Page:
For many families, summer is the time to kick back and relax. If you're a parent, summertime usually is when you take a break from the shuffling around the school year brings. During summer, you have a more open-ended schedule to plan outdoor activities, day trips and a vacation (with or without your kids!). You may also arrange for your children to attend summer camp for part of the time as well.
For divorced parents, the deviation from the children's usual schedule, typically anchored by the school routine, can be the source of a lot of stress as they try to negotiate their way through it — particularly if tensions are already high between them. That can make the summer anything but relaxing for a family, including and especially the kids.
As a divorce and family lawyer, I see this all the time. I went through it myself, as my ex and I worked on figuring out summer schedules for our four children. We weren't always living in the same state either. But by using the six tips I outline below, we were able to plan out our children's summers — and ours — with relative ease.
Make plans with your co-parent well in advance.
Making summer plans doesn't have to be a summer activity in and of itself. It's best if it isn't and should take place before summer, if possible. Last-minute deviations to a well-considered parenting schedule that moms, dads and kids depend on usually don't go over well.
By discussing the children's summer plans with your co-parent early, you give yourself and your kids the best chance to have a summer you'll all look forward to. Summer activities and vacation spots fill up fast, and you don't want to miss out or have your co-parent turn around and tell you "no" to the only week you could make your bookings.
Ironing out summer schedules beforehand allows you and your co-parent to plan the summer months as you each envision them. That can include planning some much-needed kid-free time as well. Now there's an incentive, right?
If you're late to the game this summer, don't sweat it. It's never too early to start thinking about next summer. As for the coming months, do your best to coordinate with your ex beginning right now. Your success in doing so will likely depend on my next point.
Things are inevitably going to come up, necessitating a change of plans. One of the kids could break their arm, a storm hits during vacation week that causes a closure or cancelation, or a relative falls ill. If something like this happens, be as flexible as you can with your co-parent.
There's no sense in fighting over what you can't control, so if you're in a position to accommodate a change of plans, do so. Your goal is to keep the family machine running smoothly, even if and when there's a hiccup.
Agree to who will make child-care arrangements.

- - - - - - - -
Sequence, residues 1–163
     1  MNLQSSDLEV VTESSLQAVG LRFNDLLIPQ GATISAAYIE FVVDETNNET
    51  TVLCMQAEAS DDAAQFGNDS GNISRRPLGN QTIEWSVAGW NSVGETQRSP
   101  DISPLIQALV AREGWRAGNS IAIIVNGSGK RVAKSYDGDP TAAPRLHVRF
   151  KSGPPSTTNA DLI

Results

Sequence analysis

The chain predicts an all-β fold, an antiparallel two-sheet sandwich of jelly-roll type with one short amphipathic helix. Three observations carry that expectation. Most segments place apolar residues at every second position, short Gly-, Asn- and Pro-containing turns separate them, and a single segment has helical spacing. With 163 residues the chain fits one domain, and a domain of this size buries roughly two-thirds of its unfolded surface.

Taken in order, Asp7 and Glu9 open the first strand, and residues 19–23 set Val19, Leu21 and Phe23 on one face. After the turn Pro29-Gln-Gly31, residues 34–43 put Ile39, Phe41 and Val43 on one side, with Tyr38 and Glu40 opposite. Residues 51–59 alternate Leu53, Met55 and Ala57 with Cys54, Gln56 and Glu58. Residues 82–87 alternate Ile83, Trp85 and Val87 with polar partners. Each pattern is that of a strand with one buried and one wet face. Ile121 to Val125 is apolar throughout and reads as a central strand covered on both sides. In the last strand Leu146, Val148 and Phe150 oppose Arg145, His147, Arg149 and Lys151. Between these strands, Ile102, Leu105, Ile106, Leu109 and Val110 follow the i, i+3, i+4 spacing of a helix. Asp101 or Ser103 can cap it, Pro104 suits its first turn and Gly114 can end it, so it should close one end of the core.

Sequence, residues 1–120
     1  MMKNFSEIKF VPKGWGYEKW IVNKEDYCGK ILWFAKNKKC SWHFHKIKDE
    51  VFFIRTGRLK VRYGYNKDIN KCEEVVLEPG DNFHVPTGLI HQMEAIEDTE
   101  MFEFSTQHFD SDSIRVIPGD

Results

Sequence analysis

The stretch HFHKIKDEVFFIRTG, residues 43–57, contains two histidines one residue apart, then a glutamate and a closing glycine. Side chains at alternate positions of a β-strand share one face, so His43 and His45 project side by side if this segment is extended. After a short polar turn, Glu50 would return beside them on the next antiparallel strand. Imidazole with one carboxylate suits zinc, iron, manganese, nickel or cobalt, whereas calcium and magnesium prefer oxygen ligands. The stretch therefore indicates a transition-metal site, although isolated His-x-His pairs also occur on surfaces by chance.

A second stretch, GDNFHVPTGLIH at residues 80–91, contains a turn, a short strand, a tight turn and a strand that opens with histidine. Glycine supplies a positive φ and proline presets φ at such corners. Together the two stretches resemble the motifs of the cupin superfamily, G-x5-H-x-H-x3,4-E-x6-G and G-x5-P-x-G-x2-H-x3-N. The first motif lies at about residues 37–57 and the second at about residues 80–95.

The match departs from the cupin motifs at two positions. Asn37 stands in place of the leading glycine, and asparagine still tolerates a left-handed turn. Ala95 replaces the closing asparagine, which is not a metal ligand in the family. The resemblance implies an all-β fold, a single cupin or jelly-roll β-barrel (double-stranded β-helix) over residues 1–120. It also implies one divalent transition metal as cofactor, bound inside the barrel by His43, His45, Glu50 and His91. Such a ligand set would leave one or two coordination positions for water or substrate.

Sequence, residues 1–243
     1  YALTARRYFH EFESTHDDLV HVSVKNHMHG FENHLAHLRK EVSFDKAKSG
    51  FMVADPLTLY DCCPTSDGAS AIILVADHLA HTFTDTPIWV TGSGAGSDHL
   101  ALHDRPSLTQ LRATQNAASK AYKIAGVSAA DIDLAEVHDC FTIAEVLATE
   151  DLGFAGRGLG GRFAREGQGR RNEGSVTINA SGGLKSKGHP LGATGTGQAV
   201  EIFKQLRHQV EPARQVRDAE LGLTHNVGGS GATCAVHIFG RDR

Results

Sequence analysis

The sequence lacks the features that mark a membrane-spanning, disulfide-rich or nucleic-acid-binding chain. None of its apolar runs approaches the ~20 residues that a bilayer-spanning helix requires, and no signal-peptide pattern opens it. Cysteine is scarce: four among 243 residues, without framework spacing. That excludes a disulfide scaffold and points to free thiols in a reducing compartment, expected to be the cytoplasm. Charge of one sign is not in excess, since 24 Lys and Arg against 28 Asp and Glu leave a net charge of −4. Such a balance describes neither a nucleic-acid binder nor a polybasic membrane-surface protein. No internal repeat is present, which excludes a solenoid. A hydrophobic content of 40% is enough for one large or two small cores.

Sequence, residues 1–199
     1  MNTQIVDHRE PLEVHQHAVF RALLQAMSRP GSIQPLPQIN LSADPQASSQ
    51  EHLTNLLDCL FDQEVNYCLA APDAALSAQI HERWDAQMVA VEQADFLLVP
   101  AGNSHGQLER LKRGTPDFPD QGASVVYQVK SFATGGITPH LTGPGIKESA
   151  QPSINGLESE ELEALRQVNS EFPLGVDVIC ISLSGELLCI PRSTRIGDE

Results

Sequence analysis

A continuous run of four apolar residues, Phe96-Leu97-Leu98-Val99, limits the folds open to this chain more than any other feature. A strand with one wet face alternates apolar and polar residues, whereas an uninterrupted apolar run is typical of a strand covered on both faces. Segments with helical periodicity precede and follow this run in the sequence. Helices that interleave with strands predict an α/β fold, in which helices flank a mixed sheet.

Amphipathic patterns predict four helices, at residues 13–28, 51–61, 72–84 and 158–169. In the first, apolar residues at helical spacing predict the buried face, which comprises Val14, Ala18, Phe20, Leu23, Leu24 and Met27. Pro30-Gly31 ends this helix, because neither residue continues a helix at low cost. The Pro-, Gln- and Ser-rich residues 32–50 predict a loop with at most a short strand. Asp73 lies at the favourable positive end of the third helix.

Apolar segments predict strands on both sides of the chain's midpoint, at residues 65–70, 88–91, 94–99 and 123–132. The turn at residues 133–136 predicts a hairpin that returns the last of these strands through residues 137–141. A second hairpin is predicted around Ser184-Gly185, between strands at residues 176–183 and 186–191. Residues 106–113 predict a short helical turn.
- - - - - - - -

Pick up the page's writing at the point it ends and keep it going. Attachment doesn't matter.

With kids off from school, summertime often means having to make additional child-care arrangements. If you work outside the home or are, for example, scheduled to have your children for the second week in August but have to work for part of it, agree in advance who will be responsible for securing child care during specific times.
When it comes to child care, leave nothing up to chance. You can easily accomplish this by having an open discussion with your co-parent about who's responsible for the children on what days and times, whether either of you needs to arrange child care, and who will pay for it. Again, planning in advance can help to that end.
These are not discussions you want to have as you're walking out the door to work or when your co-parent is standing at your front door with your children, or as your children's babysitter tells you that your co-parent said you're paying them this week. Child care is one area that you need to have nailed down because it underlies children's sense of security as well as their safety.
Be clear about your requests.
With any request that you make to your co-parent regarding summer plans (or anything else for that matter), do it in writing, preferably by email. Text messages tend to get missed or buried, not to mention it's easier to shoot them off in the heat of the moment. Also, text messages are often less detailed, making them common sources for confusion.
When discussing potential summer plans, approach your co-parent via email or memorialize any spoken conversations you've had in an email. Be clear and specific with your requests. That way, you have an electronic trail of your correspondence.
Don't forget to get your co-parent to agree to whatever plans you've discussed in writing as well. Without this last part, your emails won't be worth much if you need to refer to them at a later date.
Keep the kids at the center of decision-making.
As co-parents, your primary goal should be to keep your kids at the center of your decision-making. That means you need to consider the days and times of your summer plans and whether they work well with your children's schedules.
For example, you and your co-parent may not want each of your respective summer vacations with the kids to happen without a break in between because that could potentially be exhausting for them, especially if they're young. You also may not want to vacation in the same spot unless you agree to do that. If you don't get along with your co-parent, I don't know what could be much worse than finding out they rented the lake house next to yours.
Summertime is great for getting back to basics after a busy school year and reconnecting with family. With so many opportunities for exploring and teaching your children in a non-classroom environment, you won't want to miss out simply because you can't come to an agreement with your co-parent about how to allocate parenting time.
By following the tips I've outlined above, you should have no problem following this last and, perhaps, most important tip: Have fun. You deserve to have a restful and enjoyable summer vacation, and so do your children.